How to Configure Xcode Projects for Different Environments

Xcode created by Apple is an integral part of the iPhone app development agency. The iPhone app development agency created Xcode for the developers to build apps for iOS.

Being a developer one might be familiar with concepts like development, production, QA, and beta. During the app development stages, one needs to deal with these scenarios. In a hypothetical app that you are developing, that uses Firebase for storing and retrieving data. You have created your app and released it. As the process of further development, you like to introduce a new feature.

For testing your app against the database, it might be that you’re testing against the production database. But what we want is to test it with a development database. So it is a good idea to separate it into branches: one for the development database and one for the production database. This is called configuring environments in Xcode.

Each of the configurations consists of different server URLs, app names, app icons, etc.

How to Configure Xcode Projects

There are mainly two ways to configure any Xcode project for different environments:

Setting Global Variable:

  • Method:

This is the easiest of the two ways. We can create an enum with cases development and production. Now we define a global variable of an enum that tells the current environment. Then we need to use something like a switch to get the defined value of this variable and accordingly change the settings. The variable needs to be redefined every time we want to change the environment and then build the app. This makes the code full of switches or if-else and not a sustainable approach for large scale projects.

  • Drawbacks:

Even though it’s easy, it has many drawbacks.

  1. Starting with the fact that we need to define the variable every time we want to switch environments.
  2. Each time we want to test it we need to uninstall it every time you change the environment, as they can’t have two bundle ids.
  3. They can’t have different app names or app icons.
  4. Becomes difficult for the QA department to know what they are testing.
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Using build scheme and build configurations

Knowing some basic terms:

  1. Target – Specifies an app to build and contains the instructions for building the app from a set of files from a project or workspace. It let you specify an app icon, a source file, and a bundle id for that target. Needed for different applications.
  2. Build Scheme – A collection of targets to build, a configuration to use when building, and a collection of tests to execute.
  3. Build Configuration – a specific group of build settings that can be applied to any target.

If we have different environments for the same app then we need to use build schemes and build configurations. Setting them up is quite handy and prevents wasting time in the future.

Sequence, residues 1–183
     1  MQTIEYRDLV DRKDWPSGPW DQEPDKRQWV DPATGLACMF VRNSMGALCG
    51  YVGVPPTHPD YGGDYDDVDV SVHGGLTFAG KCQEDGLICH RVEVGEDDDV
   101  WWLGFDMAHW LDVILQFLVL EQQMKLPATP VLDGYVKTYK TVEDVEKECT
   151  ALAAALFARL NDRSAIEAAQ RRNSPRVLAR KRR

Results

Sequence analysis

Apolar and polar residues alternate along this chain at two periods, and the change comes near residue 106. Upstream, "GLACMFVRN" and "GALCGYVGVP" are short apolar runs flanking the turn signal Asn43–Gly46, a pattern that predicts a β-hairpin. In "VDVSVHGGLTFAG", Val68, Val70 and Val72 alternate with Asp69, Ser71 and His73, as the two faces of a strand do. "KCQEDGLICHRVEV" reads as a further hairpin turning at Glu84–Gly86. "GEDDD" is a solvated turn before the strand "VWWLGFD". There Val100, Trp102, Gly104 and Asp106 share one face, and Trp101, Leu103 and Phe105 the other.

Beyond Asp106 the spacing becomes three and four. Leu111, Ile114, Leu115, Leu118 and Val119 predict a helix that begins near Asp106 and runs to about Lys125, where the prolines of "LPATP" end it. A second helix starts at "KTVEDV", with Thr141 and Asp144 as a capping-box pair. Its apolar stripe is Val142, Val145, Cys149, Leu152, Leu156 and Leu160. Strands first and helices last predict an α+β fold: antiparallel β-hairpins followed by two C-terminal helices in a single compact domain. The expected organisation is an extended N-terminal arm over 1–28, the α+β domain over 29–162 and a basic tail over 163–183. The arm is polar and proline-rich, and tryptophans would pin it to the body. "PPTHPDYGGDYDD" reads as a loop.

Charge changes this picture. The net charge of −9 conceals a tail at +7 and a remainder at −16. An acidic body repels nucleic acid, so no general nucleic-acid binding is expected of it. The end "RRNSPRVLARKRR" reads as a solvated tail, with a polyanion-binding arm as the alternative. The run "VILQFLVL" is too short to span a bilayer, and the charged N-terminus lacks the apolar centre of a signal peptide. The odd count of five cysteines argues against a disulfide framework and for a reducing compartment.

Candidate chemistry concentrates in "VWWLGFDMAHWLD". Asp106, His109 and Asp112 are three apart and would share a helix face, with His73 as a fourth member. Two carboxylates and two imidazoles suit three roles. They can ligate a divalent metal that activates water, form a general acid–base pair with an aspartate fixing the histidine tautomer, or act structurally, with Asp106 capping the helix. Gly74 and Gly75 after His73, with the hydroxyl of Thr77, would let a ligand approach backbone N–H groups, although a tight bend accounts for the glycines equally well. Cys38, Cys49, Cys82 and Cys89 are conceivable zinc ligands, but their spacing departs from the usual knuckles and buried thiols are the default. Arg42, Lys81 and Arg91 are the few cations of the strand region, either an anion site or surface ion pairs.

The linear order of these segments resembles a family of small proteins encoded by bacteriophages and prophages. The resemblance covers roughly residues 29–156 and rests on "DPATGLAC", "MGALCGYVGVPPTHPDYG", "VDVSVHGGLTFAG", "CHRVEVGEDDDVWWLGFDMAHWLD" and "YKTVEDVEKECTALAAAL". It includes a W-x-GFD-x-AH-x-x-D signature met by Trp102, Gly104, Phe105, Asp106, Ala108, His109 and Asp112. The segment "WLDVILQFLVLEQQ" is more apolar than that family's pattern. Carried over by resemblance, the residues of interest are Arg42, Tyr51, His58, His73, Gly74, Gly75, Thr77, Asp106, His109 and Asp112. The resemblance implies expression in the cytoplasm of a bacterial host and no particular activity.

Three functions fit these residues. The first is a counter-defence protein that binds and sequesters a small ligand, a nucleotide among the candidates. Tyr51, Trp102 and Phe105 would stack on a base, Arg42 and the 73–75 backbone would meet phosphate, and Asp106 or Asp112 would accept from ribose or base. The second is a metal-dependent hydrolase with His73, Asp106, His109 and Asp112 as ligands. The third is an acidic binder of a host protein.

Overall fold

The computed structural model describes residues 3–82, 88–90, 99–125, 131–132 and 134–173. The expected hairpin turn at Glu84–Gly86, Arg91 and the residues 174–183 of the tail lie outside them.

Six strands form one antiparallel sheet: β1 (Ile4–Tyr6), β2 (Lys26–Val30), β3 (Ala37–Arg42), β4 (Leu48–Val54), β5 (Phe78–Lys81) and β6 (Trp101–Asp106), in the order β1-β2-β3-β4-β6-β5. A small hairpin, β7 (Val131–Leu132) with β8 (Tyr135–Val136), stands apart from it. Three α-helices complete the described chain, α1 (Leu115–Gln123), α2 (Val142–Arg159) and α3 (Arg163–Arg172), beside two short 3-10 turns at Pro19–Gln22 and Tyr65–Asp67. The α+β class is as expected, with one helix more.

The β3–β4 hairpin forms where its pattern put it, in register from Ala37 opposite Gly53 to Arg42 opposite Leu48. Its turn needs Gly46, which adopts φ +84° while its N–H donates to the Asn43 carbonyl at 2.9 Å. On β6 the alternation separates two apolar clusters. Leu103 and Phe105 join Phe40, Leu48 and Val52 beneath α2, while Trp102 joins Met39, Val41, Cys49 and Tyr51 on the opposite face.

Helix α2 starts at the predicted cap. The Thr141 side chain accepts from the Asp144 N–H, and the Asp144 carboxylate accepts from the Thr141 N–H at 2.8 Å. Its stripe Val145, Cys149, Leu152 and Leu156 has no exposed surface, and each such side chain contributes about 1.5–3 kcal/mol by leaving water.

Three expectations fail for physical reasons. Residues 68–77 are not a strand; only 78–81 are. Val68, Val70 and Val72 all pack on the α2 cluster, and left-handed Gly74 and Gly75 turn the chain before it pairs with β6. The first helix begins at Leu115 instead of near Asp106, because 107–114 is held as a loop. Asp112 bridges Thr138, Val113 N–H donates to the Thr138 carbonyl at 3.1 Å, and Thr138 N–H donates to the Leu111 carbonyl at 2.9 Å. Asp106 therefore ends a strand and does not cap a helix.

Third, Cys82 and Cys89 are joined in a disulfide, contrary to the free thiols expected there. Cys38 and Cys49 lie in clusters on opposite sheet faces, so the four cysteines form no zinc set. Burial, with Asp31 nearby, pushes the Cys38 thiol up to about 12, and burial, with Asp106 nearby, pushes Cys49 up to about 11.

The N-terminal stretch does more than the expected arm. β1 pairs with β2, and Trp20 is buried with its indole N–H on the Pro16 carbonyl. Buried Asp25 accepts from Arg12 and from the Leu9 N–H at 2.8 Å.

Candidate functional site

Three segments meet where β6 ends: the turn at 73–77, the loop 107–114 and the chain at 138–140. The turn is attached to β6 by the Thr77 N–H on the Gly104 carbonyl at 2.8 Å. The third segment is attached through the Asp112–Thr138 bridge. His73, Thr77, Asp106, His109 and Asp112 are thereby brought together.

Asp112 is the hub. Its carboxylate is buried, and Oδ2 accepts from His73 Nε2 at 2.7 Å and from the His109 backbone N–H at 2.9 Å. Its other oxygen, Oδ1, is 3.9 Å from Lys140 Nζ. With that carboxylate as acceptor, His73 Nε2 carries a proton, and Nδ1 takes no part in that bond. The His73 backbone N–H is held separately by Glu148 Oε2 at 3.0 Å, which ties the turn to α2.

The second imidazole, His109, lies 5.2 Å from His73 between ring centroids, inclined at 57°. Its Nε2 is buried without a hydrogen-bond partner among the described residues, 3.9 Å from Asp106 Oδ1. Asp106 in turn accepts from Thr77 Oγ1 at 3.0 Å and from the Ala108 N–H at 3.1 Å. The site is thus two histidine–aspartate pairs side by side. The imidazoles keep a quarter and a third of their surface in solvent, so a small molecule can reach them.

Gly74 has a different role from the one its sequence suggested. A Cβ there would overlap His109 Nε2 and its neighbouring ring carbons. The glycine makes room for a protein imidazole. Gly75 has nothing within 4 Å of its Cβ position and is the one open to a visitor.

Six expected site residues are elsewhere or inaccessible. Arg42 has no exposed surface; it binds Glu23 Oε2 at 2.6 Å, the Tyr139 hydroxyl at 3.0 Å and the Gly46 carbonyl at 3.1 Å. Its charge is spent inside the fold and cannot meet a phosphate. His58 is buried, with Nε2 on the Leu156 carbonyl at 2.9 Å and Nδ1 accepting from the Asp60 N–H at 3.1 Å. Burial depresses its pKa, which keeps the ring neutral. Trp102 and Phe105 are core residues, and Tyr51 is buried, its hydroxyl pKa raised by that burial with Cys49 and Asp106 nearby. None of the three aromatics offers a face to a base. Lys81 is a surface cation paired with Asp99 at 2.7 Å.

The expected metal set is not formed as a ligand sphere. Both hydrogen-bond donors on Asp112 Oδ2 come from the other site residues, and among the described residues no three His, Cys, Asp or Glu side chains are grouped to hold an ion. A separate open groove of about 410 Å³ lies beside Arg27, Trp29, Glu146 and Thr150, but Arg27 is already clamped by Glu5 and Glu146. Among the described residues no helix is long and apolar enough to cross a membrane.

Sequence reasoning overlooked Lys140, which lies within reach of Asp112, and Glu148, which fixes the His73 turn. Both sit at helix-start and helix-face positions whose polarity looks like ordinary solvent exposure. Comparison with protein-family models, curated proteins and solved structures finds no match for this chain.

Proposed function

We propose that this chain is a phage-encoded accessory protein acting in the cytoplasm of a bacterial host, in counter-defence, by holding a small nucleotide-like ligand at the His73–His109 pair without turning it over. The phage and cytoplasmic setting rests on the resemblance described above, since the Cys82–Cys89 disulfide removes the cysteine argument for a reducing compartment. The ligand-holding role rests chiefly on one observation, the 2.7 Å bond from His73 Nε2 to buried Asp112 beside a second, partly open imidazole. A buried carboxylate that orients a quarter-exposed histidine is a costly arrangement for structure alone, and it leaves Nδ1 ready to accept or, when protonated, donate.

Now we are creating an application with only a label. Its text property indicates the build scheme used.

  1. Create a new single-view app. By default, when you create a new project, a target is also created, with two build configurations: debug and release.
  2. The goal is to have three build configurations: debug, QA, and release; and a building scheme for each configuration.
  3. The first step is to add a label on the center of the file Main.storyboard. This indicates the current build configuration.
  4. Now navigate to the project editor and choose the project. You can see debug and release configurations. Click plus sign below the configurations and select “Duplicate Debug Configuration”. Rename it to “QA”.

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Creating and modifying Schemes

  1. Navigate to Current scheme (top bar of Xcode)> Manage schemes. A new window pops up with current schemes. Rename the existing one to “Debug”.
  2. Add two new schemes “QA” and “Release” by clicking the plus sign at the bottom left. Check the “Shared” box to on and exit the window.
  3. Click on the current scheme button > Edit Scheme > check to debug scheme to select
  4. New window will pop up showing the current scheme on the top left corner.
  5. Debug > Run > Select Debug as the build configuration.
  6. Navigate to Archive (left menu)>select Debug as build configuration.
  7. Repeat the same for “QA” and “Release”
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Click to read on how to go about with them.

With this, the configurations are created and defined. Now we need to tell each configuration their app icon, server URL, etc.

  1. Navigate to File > New File > select Configuration Settings File > Name it Debug.
  2. Repeat the same for “QA” and “Release” configurations.

Each file contains key-value pairs specific to each configuration. Now we are adding a variable that indicates the configuration we are on.

  1. Navigate to Info.plist > add new row “Configuration” > Type– “String” > Value — “$(CONFIGURATION)”.
  2. The value must be the name of the variable in the config file, between parenthesis and preceded by a “$” sign. You can add as many variables as you need.
  3. Navigate to ViewController.swift.
  4. Add this code below “viewDidLoad”
let config = Bundle.main.infoDictionary?[“Configuration”] as? Stringlabel.text = config

       5.Do this for all three.

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